Jesus wisely ignored them initially. He wasn’t about to be pressured into giving an off-the-cuff response by their contrived theatrics and the spectators it attracted. They kept demanding an answer while he wrote in the dirt with his finger.
When he finally does respond, his brilliant answer turns the snare back onto the trappers. “He that is without sin among you, let him first cast a stone at her.”
He recognized the demands of the law of Moses, but he also knew that the pharisees could not carry it out any more than he could without violating the Roman law.
The law of Moses dictated that to be convicted to death because of adultery, there had to be at least two witnesses. It also dictated that the witnesses whose testimonies established the guilt of accused were to be the first to begin the stoning. So Jesus was asking those who claimed to have witnessed the adultery to step forward themselves to impose the punishment as the law demands. And so the accusers were entrapped in their own catch-22. If they stepped forward as witnesses, they would have opened themselves to questions about how they witnessed the act and why the man involved is not also accused as demanded by Moses. If they try to carry out the stoning, they will be in violation of Roman law.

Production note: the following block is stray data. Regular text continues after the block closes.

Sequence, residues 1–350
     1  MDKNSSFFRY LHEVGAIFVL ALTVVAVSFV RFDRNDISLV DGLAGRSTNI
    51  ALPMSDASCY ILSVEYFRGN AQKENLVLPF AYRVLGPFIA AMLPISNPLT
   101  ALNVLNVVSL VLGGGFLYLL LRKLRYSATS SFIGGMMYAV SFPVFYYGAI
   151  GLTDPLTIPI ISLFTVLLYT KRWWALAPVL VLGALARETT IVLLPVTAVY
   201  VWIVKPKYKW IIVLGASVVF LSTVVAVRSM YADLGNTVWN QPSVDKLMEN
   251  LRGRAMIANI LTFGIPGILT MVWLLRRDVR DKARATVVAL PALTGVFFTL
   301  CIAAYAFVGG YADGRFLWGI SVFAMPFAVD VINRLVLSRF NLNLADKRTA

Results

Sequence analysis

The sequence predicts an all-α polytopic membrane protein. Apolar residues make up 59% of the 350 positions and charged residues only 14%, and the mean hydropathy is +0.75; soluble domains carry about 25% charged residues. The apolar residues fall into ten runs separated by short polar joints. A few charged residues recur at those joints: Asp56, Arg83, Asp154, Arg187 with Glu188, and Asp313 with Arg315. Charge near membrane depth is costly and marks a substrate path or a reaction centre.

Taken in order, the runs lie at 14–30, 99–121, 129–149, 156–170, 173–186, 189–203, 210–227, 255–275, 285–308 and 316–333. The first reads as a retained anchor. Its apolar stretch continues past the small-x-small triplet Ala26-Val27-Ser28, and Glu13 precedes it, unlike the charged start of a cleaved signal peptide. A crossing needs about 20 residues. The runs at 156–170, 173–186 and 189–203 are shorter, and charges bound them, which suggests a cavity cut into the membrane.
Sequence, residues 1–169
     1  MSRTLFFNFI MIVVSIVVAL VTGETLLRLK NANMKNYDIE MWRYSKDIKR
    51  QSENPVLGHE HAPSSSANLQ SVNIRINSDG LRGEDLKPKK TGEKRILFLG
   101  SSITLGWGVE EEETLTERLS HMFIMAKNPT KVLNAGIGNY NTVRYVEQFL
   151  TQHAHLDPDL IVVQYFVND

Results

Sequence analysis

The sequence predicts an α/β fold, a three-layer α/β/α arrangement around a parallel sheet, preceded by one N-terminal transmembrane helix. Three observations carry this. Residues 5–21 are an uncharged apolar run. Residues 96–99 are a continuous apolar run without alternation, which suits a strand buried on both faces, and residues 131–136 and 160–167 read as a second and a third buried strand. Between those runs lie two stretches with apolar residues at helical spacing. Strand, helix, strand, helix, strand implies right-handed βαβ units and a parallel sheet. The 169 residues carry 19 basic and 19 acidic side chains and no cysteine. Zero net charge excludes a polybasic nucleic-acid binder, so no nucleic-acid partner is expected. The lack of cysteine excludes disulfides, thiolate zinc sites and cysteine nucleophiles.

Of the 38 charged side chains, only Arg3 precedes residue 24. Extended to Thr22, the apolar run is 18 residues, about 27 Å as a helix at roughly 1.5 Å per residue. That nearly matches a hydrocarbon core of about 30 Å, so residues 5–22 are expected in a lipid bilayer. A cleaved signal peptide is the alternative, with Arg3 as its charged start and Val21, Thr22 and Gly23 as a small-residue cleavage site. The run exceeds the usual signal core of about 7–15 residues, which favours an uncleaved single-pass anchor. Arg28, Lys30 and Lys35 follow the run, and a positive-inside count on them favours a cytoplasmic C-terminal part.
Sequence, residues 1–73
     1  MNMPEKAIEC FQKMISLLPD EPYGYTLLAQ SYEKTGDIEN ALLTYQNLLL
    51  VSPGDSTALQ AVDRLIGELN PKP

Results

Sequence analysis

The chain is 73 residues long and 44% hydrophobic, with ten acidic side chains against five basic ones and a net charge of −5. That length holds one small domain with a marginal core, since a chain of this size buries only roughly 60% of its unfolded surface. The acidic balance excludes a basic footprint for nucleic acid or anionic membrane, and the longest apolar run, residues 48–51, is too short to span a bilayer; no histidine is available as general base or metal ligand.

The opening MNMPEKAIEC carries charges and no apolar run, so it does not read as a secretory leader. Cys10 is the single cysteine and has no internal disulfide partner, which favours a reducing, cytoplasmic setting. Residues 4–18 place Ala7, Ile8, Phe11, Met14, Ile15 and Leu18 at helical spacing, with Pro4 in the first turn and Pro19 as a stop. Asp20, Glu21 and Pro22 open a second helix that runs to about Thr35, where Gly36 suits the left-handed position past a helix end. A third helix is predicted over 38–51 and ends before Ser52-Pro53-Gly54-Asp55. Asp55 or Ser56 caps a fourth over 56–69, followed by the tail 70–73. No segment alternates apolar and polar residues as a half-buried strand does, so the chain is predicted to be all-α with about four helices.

We don’t know what Jesus was writing in the dirt. But I like to speculate that, being the Son of God and knowing the thoughts and intents of the hearts of the pharisees, he may have been writing quotes from the law of Moses related to the the specific secret sins of each of these men.